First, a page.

The “We the People” website allows citizens to create and sign petitions. They provide first names but not the last, just initials.
Many – like one created by Karen G. of Hazleton, Pa., and another by Joe. R. of Sewell – quote from the Declaration of Independence: “When in the course of human events it becomes necessary for one people to dissolve the political bands . . . ”
Others, such as a petition seeking Oregon’s secession, take another tack: “The people of Oregon would like the chance to vote on leaving the Union immediately. The Federal Government has imposed policies on Oregon that are not in Oregon’s best interests, and we as citizens would respectively [sic] and peaceably separate ourselves from a tyrannical Government. . . . ”
The White House lacks constitutional authority to let states secede, but that hasn’t stopped disgruntled voters.
The issue of secession was not confined to the Civil War. New Jersey grappled with it about 40 years ago, when the southern part of the state attempted to split from the north.
“There was a big movement, with petitions drawn,” said Paul Schopp, a historian who lives in Riverton. “The south was upset that most of the tax dollars were going to the north.”
The postelection petitions are “an effort by average citizens to exercise their constitutional rights,” he said. “It’s a peaceful form of redress.”
Other countries have faced similar issues. A referendum will be held in 2014 to determine whether the people of Scotland wish to withdraw from the United Kingdom, Dane said. Quebec has occasionally sought to secede from Canada and the country’s Supreme Court has said that’s not out of the question.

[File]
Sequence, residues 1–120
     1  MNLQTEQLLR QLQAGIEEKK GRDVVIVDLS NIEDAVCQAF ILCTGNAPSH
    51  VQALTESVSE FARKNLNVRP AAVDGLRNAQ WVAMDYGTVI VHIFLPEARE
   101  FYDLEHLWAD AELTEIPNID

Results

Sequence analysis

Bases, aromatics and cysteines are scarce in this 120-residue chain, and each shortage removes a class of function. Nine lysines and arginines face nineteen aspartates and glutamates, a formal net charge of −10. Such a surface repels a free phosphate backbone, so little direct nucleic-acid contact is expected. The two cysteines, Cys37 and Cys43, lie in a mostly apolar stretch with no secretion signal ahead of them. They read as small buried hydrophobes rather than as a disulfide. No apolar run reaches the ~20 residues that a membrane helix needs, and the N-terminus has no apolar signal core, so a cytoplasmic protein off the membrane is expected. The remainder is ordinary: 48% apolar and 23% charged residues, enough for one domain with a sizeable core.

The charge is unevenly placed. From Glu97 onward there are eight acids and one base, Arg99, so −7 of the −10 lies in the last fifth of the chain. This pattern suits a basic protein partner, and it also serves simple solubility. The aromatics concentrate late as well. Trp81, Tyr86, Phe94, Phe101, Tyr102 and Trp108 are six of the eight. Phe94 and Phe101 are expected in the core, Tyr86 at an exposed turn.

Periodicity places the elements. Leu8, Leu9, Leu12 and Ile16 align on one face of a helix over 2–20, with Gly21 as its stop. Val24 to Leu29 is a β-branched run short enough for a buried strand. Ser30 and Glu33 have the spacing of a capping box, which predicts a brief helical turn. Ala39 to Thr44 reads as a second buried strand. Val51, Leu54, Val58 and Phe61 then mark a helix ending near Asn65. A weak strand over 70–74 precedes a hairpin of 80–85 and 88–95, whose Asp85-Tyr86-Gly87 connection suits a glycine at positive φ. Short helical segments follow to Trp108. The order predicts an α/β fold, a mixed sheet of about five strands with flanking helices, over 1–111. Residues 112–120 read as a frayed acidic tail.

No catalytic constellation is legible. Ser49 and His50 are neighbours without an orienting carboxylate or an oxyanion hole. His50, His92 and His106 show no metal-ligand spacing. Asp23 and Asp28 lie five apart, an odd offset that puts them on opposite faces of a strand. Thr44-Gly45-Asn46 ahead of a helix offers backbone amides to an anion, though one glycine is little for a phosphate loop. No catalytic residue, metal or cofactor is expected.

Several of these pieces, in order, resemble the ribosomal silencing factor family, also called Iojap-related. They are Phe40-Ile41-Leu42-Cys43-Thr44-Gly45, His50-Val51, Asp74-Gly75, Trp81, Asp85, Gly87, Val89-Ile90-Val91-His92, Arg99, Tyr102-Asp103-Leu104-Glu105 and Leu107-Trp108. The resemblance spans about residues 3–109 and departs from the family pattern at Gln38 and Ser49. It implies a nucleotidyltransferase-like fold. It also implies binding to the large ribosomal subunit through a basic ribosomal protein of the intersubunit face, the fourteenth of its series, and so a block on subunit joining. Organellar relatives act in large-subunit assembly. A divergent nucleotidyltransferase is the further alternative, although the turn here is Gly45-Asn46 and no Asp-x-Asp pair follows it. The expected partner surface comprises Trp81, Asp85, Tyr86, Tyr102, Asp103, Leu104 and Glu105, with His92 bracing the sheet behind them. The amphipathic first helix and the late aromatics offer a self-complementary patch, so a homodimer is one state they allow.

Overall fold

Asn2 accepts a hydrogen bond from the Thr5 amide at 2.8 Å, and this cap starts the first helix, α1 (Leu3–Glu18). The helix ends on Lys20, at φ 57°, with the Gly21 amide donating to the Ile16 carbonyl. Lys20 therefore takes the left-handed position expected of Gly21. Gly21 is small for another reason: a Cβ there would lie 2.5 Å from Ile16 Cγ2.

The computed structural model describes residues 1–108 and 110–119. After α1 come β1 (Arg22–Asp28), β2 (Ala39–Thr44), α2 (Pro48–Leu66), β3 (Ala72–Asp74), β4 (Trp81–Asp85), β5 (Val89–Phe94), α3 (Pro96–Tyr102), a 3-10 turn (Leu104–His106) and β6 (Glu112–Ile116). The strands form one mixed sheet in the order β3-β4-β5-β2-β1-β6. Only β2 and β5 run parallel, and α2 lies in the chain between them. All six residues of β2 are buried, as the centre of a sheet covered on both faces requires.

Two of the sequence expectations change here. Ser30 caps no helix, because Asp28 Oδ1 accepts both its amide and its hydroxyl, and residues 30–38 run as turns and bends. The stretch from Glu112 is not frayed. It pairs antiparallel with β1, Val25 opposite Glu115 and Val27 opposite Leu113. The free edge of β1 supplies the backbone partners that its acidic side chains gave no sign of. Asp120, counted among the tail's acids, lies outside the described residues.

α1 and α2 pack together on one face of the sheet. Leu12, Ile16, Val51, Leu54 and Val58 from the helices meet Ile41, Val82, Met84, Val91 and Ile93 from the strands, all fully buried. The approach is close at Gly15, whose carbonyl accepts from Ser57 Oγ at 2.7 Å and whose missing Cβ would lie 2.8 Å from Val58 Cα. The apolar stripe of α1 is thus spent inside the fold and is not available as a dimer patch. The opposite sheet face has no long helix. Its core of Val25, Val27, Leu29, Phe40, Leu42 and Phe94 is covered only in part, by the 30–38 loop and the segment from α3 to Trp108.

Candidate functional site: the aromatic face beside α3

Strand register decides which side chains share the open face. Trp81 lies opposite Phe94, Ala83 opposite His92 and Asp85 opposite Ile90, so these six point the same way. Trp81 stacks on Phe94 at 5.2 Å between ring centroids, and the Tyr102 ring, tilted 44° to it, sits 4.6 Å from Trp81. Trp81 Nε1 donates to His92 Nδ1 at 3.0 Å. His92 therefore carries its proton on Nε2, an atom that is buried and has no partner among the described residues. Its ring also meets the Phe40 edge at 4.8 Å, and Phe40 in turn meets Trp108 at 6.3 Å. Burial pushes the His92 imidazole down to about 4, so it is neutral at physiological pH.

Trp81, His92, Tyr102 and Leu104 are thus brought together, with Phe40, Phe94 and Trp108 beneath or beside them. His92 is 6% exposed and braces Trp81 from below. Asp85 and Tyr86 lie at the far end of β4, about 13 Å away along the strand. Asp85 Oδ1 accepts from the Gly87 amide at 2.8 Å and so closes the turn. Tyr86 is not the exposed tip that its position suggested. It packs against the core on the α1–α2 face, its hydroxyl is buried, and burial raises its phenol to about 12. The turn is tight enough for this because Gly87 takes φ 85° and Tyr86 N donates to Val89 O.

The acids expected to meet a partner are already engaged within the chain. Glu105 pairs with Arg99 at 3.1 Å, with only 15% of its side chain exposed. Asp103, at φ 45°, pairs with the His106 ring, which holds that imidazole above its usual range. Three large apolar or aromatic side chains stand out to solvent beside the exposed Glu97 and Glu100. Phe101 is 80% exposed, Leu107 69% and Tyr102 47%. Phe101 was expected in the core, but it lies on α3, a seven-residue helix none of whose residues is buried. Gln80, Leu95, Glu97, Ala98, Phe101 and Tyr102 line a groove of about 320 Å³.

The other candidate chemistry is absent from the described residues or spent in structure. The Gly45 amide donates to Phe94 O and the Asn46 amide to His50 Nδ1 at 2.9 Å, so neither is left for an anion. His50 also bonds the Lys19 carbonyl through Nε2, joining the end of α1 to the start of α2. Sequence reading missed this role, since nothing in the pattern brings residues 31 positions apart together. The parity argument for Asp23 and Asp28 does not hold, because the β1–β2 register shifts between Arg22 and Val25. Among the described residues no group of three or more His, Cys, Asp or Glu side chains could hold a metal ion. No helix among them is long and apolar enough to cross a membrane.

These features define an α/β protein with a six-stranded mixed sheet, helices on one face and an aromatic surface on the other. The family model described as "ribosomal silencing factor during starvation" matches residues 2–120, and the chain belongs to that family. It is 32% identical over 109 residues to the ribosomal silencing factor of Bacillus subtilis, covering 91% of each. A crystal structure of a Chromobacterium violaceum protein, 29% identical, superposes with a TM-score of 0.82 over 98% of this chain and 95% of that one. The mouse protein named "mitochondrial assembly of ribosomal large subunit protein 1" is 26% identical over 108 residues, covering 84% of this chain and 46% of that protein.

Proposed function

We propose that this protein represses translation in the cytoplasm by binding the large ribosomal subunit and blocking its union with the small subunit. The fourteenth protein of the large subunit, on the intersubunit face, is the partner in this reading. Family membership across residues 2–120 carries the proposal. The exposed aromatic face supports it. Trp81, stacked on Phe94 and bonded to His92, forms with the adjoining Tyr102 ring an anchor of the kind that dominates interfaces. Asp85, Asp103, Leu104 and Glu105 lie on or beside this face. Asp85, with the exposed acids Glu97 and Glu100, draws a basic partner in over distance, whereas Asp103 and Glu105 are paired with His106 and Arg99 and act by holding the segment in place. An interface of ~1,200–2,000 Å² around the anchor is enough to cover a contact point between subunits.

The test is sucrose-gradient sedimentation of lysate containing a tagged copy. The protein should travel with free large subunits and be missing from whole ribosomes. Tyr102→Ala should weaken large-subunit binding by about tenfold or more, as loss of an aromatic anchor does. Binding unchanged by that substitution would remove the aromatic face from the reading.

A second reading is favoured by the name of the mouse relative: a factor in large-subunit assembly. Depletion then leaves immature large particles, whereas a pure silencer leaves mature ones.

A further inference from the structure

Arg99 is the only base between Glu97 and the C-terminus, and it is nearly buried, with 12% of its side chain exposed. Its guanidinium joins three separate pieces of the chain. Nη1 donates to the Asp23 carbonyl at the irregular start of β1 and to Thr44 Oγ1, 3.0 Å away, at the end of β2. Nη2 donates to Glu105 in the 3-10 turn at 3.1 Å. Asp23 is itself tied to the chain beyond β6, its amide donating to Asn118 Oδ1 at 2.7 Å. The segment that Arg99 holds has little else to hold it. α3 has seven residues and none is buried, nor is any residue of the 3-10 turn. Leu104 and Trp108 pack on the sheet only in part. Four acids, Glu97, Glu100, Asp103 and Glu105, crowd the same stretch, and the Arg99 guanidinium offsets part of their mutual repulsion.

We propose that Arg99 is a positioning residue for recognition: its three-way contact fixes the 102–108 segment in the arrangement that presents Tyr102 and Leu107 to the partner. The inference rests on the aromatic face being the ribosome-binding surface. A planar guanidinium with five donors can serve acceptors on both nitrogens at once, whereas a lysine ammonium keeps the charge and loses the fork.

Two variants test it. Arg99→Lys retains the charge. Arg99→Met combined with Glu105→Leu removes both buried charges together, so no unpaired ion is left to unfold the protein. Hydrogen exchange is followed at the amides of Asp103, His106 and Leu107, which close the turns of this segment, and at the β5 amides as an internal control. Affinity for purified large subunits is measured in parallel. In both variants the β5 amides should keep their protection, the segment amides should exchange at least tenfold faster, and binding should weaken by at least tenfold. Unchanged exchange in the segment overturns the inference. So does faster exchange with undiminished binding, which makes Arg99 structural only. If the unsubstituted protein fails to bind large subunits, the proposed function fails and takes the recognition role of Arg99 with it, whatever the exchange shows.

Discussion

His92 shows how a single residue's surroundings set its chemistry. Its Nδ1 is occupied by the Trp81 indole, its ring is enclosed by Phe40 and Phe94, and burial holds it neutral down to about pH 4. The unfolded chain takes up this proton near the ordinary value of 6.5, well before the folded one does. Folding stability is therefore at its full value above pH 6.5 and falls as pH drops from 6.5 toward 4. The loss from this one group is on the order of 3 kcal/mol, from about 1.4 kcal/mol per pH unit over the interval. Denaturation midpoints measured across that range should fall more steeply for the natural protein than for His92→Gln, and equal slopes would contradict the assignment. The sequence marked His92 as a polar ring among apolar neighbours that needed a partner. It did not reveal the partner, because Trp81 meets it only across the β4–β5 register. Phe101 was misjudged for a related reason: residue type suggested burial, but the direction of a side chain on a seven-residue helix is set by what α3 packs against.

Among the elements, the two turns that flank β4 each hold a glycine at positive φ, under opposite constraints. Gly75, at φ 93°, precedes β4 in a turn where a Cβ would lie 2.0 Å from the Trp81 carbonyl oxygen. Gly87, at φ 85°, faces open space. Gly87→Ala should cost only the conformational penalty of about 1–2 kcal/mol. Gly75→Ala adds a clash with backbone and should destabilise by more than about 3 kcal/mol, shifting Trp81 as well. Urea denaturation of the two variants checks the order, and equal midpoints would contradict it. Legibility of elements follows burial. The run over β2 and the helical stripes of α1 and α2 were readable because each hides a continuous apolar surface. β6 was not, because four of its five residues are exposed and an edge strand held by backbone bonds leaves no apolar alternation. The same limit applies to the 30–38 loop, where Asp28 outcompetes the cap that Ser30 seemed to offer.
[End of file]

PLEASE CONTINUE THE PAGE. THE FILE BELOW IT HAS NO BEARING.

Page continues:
In Texas, Republican Gov. Rick Perry, who often has expressed frustration with the federal government, did not endorse the secession petitions and has said he did not want the Lone Star State to break away.
“The Civil War showed once and for all and forever that secession is illegal,” said Andy Waskie, a Temple University professor, historian, and author. “The combat, effusion of blood, and sacrifice ended that question.”
Citizens “have to seek other means of redressing their grievances,” he said. “The Union is permanent.”
Obviously, these self-centered whiners have lost sight of the fact that the last time someone tried to secede, 600,000 Americans died. These whiners don’t like President Obama or his policies, so they want to secede. They’re just not willing to accept the idea that a majority of U.S. citizens voted for the man and that their guy lost. WAAAAAHHHHHHH!!!!!
This issue was resolved in Texas v. White, 74 U.S. 700 (1869), wherein the United States Supreme Court determined that there is no right of secession and that the Union is forever. Chief Justice Salmon P. Chase, writing for the Court, observed: